LONDON (Reuters) - Prime Minister Theresa May’s deputy warned lawmakers on Friday that unless they approved her Brexit divorce deal after two crushing defeats then Britain’s exit from the European Union could face a long delay.
The United Kingdom’s divorce from the EU has sown chaos through May’s premiership and the Brexit finale is still uncertain with options including a long delay, exiting with May’s deal, a disorderly exit without a deal or even another referendum.
The British parliament voted overwhelmingly on Thursday to seek a delay to the March 29 exit date enshrined in law.
May says she wants to minimise any delay to just three months, but to achieve that she will need parliament to back her deal at the third time of asking early next week.
In essence, May has handed Brexit supporters an ultimatum - ratify her deal by March 20 or face a long delay to Brexit way beyond June 30 that would open up the possibility that the entire divorce could be ultimately thwarted.
May’s de-facto deputy, Cabinet Office Minister David Lidington, said he hoped the United Kingdom would leave in an orderly fashion but if May’s deal was not approved then a long extension was on the cards.
“You don’t just have a short, technical extension to our membership of the European Union you almost certainly need a significantly longer one to find a time for parliament to come to a majority verdict,” he told BBC radio.
“I hope that MPs (lawmakers) of all parties will be over this weekend reflecting on the way forward,” Lidington said, adding the legal default was that the United Kingdom would leave on March 29, unless something else is agreed.
EU leaders will consider pressing Britain to delay Brexit by at least a year to find a way out of the domestic maelstrom, though there is shock and growing impatience at the political chaos in London.
“There is professional bewilderment that the motherland of common sense is in this place,” one European diplomat said.
The Withdrawal Agreement for Britain’s departure from the EU is the only deal on offer, Dutch Prime Minister Mark Rutte said on Wednesday after meeting EU President Donald Tusk, referring to the deal May agreed with Brussels after two-and-a-half years of negotiation.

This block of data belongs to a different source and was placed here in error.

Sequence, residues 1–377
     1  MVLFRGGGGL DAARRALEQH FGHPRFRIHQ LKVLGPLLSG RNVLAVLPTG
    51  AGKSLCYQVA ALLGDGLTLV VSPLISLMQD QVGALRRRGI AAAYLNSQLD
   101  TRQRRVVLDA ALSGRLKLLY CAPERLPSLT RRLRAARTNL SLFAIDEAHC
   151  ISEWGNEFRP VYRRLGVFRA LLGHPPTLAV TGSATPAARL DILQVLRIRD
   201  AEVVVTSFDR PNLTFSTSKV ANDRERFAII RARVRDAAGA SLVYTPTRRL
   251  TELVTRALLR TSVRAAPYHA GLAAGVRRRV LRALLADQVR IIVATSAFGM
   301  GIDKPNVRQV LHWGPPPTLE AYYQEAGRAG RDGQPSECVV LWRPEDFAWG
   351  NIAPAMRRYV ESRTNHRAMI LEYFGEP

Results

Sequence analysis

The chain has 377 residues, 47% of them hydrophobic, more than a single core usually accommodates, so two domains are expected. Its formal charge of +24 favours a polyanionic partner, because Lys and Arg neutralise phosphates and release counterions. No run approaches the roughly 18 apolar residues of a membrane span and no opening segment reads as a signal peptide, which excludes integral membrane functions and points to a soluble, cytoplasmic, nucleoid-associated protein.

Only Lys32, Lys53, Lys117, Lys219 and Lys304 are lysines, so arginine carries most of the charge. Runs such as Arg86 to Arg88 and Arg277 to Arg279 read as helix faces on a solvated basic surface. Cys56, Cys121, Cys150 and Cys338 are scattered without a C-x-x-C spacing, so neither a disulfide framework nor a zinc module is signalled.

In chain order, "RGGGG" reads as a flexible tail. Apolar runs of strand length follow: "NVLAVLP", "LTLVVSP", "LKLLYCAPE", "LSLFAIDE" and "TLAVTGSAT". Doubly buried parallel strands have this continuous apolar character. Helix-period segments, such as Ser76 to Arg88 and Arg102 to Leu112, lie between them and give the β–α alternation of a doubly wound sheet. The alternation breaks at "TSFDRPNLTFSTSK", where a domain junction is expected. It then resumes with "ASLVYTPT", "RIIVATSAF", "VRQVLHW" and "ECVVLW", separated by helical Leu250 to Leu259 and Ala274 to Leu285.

Brexit will pitch the world’s fifth largest economy into the unknown and opponents of the divorce fear it divides the West as it grapples with both the unconventional U.S. presidency of Donald Trump and growing assertiveness from Russia and China.
Supporters of Brexit say while it may bring some short-term instability, in the longer term Britain will thrive if it moves away from what they cast as a doomed experiment in EU integration that is falling behind global powers such as the United States and China.
THIRD TIME LUCKY?
May’s deal, an attempt to keep close relations with the EU while leaving the bloc’s formal structures, was defeated by 230 votes in parliament on Jan. 15 and by 149 votes on March 12.
An often chaotic set of votes in parliament this week has shown that none of the alternatives - such as leaving with no deal, a referendum or allowing parliament to decide how to leave - can muster a majority among lawmakers yet.
Now May wants a third go.
But she must win over dozens of Brexit-supporting rebels in her own Conservative Party and the Northern Irish Democratic Unionist Party (DUP) which props up her minority government.
A senior government source said persuading the DUP would be key to securing parliament’s approval, as that would prompt eurosceptic Conservatives to back the deal.
Rebels have accused May of botching the negotiations with Brussels and surrendering on the backstop - an insurance policy which sets out what happens to the Irish border if the sides fail to find another solution.
Many Brexiteers fear the backstop, aimed at avoiding controls on the border between the British province of Northern Ireland and EU-member Ireland, will trap the United Kingdom in the EU’s orbit indefinitely.
Brexit-supporting lawmakers have rejected an additional legal opinion by the top government lawyer on assurances given by the EU on May’s divorce deal, The Telegraph reported.
If they reject May’s deal again next week Brexit goes down to the line.
The next major event would likely be the March 21-22 EU summit, and if a deal was not approved then parliament would be given an opportunity to vote on a way forward after the summit.
Opponents of Brexit hope another referendum will eventually become the only way out of the deadlock.
Nearly three years since the 2016 Brexit referendum - in which Britons voted 52-48 percent to leave the EU - polls suggest no great desire for a second referendum and indicate that many voters, fatigued by the political squabbling, would be happy to leave without a deal.
Writing by Guy Faulconbridge; editing by Michael Holden and Janet Lawrence
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